I recently got a chance to sit down with Dr. Julie Herman, M.D., an internal medicine physician at the University of Pittsburgh Medical Center.
1. Have a beer
You've worked hard today. You deserve a beer.
I knew I liked this doctor. But make sure that after your beer, you consume a generous amount of water. A sports drink with electrolytes also would be beneficial. Proper hydration after a skiing workout allows your muscles to rebuild properly and maintains circulation (bringing essential nutrients to your muscles and the body's other tissues). Multiple research studies have shown that when you are dehydrated, you are not able to exercise as strenuously and your muscles take longer to heal. So drink up!
2. Soak in a hot bath or hot tub
Taking a refreshing soak in a hot tub (or a hot bath if you are not staying in the chalets in Courchevel) relaxes your muscles and helps remove the lactic acid that builds up in your muscles following skiing.
The heat of the bath also increases peripheral circulation in your body (more blood flow to muscles, joints, and skin), which helps rebuild any strained tissues and cells in these areas. It's also thought to be beneficial to perform light muscle massages in the bath and to stretch after your soak. However, people with circulation/heart problems should consult their doctor first before taking hot baths or using hot tubs. Pregnant women should not take hot baths. But otherwise, enjoy and relax some hot water!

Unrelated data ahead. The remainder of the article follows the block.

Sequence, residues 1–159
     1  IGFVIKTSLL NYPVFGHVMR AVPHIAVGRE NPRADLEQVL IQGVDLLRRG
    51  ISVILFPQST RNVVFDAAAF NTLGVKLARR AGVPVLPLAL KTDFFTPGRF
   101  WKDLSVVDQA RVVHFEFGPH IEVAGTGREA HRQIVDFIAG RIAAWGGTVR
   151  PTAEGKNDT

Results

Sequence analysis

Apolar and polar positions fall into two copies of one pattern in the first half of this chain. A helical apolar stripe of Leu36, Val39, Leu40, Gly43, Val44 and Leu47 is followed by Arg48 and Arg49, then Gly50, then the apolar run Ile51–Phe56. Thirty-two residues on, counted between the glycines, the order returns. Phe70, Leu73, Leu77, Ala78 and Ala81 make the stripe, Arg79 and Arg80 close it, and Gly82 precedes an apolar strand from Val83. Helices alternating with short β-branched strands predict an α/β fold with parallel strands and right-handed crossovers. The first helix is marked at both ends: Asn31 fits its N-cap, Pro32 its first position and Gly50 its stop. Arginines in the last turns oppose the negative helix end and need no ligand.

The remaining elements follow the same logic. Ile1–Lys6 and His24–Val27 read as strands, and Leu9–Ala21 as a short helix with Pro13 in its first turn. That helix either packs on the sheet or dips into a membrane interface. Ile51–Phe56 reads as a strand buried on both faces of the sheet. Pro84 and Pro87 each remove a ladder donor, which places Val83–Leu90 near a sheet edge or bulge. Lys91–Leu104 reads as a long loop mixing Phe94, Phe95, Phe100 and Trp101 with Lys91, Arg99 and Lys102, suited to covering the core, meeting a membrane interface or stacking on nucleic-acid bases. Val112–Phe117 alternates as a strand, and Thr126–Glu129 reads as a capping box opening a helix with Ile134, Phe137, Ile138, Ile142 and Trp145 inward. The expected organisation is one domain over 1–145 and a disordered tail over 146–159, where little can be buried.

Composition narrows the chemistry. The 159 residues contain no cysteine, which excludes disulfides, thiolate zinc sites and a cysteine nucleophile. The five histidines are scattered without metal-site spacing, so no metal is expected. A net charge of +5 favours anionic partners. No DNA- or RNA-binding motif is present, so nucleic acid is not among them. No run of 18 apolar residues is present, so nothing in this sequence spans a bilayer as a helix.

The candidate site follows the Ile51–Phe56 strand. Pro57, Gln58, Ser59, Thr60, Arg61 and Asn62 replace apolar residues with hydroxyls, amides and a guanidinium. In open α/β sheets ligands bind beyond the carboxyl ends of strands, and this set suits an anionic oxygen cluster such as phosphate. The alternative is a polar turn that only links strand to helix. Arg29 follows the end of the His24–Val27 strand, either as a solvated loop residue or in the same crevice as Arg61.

3. Eat protein
Eating foods with protein gives your body the fuel needed to rebuild glycogen (energy) stores that are lost from your muscles during exercise.
Protein consumption also increases the amount of amino acids available to the body for rebuilding and drives your metabolism to increase muscle buildup. Protein consumed through diet and food is usually more bioactive and effective than protein supplements. Foods high in protein consist of meats, milk and dairy, eggs, beans, nuts, and legumes.